When developing leaders, it’s important to remember the principles of positive organizational development and appreciative inquiry—methods that start from a place of positivity during training and development. Rather than focusing on what an employee needs to improve, emphasize the employee’s strengths, reframing areas of weakness as opportunities for growth rather than issues that need to be addressed.
Providing ongoing support for how employees can meaningfully build skills in areas where they might require additional education or guidance and allowing for open dialogue around how those areas could be strengthened, gives employees the confidence they need to become strong leaders and contributes to a culture of positive growth.
By following the tips above, smaller-scale programs can be implemented quickly and cost-effectively, with the goal of growing over time. Organizations that are starting out should recognize the importance of finding the right partner (like a college that specializes in this type of work) to build capacity and increase the organizational leadership development bench. Institutions like Champlain College Online can help you find efficient ways to scaffold and grow your existing development initiatives: for example, our truED program has recently introduced Champlain Stackables, a customizable leadership and management learning solution featuring stackable learning options, designed help organizations affordably fill skills gaps within their workforces and focus on the key areas that matter most given their unique culture and business objectives.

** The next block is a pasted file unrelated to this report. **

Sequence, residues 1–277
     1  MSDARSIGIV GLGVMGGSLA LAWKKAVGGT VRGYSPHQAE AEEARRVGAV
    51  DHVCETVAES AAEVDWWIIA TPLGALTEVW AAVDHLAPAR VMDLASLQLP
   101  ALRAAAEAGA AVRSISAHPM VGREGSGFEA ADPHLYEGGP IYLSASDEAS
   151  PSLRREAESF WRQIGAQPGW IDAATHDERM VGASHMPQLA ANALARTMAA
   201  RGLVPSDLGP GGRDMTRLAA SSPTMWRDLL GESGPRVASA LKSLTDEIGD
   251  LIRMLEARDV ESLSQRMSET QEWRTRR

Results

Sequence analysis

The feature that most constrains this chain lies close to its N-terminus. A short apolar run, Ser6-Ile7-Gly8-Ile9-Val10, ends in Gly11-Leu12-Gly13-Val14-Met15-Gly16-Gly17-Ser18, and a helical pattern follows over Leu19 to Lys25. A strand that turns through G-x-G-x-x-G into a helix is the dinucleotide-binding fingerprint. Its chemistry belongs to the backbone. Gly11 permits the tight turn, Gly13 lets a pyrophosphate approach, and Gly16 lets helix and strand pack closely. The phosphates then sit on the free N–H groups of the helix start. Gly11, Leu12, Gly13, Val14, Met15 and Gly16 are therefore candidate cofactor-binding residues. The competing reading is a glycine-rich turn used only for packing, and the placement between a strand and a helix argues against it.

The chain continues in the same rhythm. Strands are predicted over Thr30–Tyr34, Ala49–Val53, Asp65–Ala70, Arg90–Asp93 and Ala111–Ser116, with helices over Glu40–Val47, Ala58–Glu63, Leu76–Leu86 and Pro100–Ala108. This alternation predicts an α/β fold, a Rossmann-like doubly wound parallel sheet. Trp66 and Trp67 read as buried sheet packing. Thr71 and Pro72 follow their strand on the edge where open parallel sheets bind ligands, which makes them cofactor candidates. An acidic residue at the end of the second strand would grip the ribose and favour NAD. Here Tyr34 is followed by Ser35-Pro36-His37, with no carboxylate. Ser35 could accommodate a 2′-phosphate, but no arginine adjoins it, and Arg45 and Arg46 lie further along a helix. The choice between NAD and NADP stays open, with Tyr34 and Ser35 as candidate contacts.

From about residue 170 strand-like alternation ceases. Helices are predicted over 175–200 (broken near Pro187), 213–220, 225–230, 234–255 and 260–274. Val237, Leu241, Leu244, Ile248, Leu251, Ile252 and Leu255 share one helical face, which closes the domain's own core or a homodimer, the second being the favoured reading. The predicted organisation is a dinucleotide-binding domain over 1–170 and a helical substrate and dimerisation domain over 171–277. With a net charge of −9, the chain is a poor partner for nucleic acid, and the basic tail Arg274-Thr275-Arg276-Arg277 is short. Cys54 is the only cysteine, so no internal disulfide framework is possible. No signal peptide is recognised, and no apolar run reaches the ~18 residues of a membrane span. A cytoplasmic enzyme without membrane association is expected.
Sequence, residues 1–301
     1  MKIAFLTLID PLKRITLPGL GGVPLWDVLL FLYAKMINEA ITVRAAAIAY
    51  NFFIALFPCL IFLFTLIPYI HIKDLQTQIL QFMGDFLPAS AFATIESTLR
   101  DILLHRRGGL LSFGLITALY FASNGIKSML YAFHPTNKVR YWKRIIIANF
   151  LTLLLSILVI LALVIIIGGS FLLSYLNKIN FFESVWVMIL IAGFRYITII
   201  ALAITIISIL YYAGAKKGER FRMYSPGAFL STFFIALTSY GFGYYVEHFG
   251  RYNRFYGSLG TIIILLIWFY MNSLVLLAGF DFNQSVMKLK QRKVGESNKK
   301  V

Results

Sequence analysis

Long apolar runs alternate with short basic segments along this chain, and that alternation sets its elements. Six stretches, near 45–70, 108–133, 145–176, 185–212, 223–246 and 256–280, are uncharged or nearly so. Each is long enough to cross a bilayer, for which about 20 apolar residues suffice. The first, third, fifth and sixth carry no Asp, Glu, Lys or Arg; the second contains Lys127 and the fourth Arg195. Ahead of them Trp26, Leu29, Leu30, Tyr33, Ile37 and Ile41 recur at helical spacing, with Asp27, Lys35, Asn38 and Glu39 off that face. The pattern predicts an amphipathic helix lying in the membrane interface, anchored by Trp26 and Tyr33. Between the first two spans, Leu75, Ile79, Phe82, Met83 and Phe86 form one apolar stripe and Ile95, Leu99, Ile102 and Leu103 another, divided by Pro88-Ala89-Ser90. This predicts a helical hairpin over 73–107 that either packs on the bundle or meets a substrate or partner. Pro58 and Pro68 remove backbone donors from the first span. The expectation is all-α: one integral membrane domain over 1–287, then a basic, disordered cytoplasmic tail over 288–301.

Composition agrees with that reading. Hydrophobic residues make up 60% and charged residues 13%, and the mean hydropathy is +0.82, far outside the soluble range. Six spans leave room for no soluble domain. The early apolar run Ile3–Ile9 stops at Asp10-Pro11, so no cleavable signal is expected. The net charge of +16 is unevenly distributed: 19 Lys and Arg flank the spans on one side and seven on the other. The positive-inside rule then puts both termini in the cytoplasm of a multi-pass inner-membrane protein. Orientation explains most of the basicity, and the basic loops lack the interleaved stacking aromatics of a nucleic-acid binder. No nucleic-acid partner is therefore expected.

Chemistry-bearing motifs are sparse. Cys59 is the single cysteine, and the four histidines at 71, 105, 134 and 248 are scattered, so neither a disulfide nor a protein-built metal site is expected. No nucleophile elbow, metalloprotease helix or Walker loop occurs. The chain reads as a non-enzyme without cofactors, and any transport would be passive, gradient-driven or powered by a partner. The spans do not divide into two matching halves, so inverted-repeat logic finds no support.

Although it may take some initial effort to jump-start an organization’s internal leadership development program, it is a critical investment for organizations of all sizes. The organizations that take the time to create these programs–whether it’s done internally, or with a partner–will realize the benefits of cultivating talent from within.